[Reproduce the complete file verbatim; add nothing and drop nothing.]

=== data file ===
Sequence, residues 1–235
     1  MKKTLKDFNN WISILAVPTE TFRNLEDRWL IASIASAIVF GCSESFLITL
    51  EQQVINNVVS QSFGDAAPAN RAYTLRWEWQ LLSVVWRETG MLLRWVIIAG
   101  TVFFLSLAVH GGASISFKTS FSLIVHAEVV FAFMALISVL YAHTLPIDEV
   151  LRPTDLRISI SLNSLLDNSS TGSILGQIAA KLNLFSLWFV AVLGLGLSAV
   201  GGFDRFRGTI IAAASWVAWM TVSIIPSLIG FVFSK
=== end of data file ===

Sequence, residues 1–235
     1  MKKTLKDFNN WISILAVPTE TFRNLEDRWL IASIASAIVF GCSESFLITL
    51  EQQVINNVVS QSFGDAAPAN RAYTLRWEWQ LLSVVWRETG MLLRWVIIAG
   101  TVFFLSLAVH GGASISFKTS FSLIVHAEVV FAFMALISVL YAHTLPIDEV
   151  LRPTDLRISI SLNSLLDNSS TGSILGQIAA KLNLFSLWFV AVLGLGLSAV
   201  GGFDRFRGTI IAAASWVAWM TVSIIPSLIG FVFSK